Shaping The Pizza | Neapolitan Pizza from scratch | Part 6

Stretching pizza dough

The shaping of a pizza is basically done by stretching the dough into a thin, round shape by hand. There are a many different ways to stretch pizza dough but in this article I’m going to show you a really easy way.

Shaped Neapolitan pizza
Stretched authentic Neapolitan style pizza

Not only is this way of stretching pizza dough really easy, it also makes an Authentic Neapolitan pizza. The shaping is arguably the most difficult part of the pizza making process and makes such a hige difference to the quality of the pizza.

In case you missed the other parts of this series, feel free to check them out below:

Once we’ve got our dough ready, we’re ready for the final part before cooking – stretching the dough!

How to shape pizza dough by hand video

In the video below I show you an easy and authentic way to shape pizza by hand.

There are a few keys to this method and the quality of the pizza depends largely on the attention to detail. It may seem difficult to start with but it becomes really easy once you’ve done it a few times.

Shaping pizza dough by hand

When you get the hang of this technique you should be able to shape a pizza in about 30 secoonds or less!

Is it better to roll or stretch pizza dough?

In general, pizza should be stretched rather than rolled. Unlike pasta dough, pizza dough contains yeast (a leavened dough) which allows air pockets to develop in the dough.

These air pockets are what makes for the wonderfully light texture to the pizza. As the pizza cooks, especially at high temperatures, the air pockets expand.

Neapolitan pizza slice being folded
Shaping by hand, allows for a lovely airy crust

Rolling pizza dough removes a lot of the air that developed during proofing. There are some pizza styles which require rolling but the vast majority of pizzas are hand stretched without a rolling pin.

Shaping Neapolitan pizza

Being the most traditional pizza, Neapolitan pizza is shaped by hand. The classic shape is round, very thin in the middle, with quite thick crusts. The crusts are light and airy due to the long prove and delicate shaping.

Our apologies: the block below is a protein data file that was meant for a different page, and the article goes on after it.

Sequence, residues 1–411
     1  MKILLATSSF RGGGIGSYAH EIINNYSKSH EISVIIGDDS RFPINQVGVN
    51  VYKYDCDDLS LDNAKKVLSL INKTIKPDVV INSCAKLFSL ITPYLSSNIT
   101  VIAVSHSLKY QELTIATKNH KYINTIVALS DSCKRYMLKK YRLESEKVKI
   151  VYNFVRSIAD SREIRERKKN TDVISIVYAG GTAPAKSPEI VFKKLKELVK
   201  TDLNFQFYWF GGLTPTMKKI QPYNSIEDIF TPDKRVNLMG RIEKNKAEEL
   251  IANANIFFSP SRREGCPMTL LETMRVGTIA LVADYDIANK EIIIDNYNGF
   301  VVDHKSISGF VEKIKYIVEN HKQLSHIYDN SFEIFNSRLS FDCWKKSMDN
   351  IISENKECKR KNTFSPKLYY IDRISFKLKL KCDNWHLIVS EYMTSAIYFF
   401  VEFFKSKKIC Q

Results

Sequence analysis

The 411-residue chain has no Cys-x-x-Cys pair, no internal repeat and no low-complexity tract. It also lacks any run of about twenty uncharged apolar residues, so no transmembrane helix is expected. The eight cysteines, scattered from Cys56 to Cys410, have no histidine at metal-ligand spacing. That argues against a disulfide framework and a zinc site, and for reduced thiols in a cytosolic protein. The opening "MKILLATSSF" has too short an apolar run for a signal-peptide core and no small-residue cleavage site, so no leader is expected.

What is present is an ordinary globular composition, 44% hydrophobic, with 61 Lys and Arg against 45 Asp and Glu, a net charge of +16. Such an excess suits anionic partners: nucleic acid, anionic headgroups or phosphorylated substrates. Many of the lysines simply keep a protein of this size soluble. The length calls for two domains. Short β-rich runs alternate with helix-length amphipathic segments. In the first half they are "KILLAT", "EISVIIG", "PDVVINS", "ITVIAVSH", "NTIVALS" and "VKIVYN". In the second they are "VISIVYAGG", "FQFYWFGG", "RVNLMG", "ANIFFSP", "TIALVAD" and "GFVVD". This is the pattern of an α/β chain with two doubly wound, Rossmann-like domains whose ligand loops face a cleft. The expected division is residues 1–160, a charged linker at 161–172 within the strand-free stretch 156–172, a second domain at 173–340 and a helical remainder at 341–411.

The key to achieving the classic Neapolitan pizza shape is to move as much air as possible from the middle of the dough to the edge (the crust). This forms the crust. Once the crust is formed, the pizza can be gently stretched until it is thin in the middle.

The easiest way to form the crust is by using the finger tips. Overlap the index fingers to achieve the shape shown below:

Shaping Neapolitan pizza
The authentic Neapolitan technique

From there, you don’t need to move your fingers or wrists at all. Simply use your arms to press the air to the outside of your pizza dough.

The authentic Neapolitan technique
Press the air to the outside, forming the crust

Turn the dough regularly, repeating the process. This should set up the perfect Neapolitan pizza shape.

Turning the pizza dough
Turn the pizza dough regularly, without touching the crust

How to stretch pizza dough evenly

Once a nice round shape has been established and the crust has been formed, we can move onto stretching the pizza dough.

The most authentic, and in my view, easiest way is called the “slap” technique.

With one hand, hold the pizza down to the counter. With the other hand, stretch gently outwards.

How to stretch pizza dough evenly
Hold the dough down, and stretch gently

Using the same hand, flip the dough onto your other hand.

Turning the dough
Flip the dough onto your hand

In one motion, rotate the dough 90 degree whilst flipping the dough back over.

Turning the pizza dough over
Flip the dough back over
Neapolitan pizza slapping technique
“Slap” the pizza back down onto the counter

Repeat this process until you have achieved the desired thickness (quite thin). Stretching very gently and turning often ensures that we stretch the dough evely.

Try not to remove any air from the crusts during shaping but don’t worry if they shrink a little. They will expand as they cook in the oven.

How to stretch pizza dough without breaking

Pizza dough breaking easily during stretching could be a sign of an underdeveloped dough. If your dough hasn’t been kneaded well enough, it will lack gluten development.

It is the gluten that gives pizza dough most of it’s strength, preventing it from breaking. However, if your pizza dough passed the windowpane test then this is unlikely to be the issue.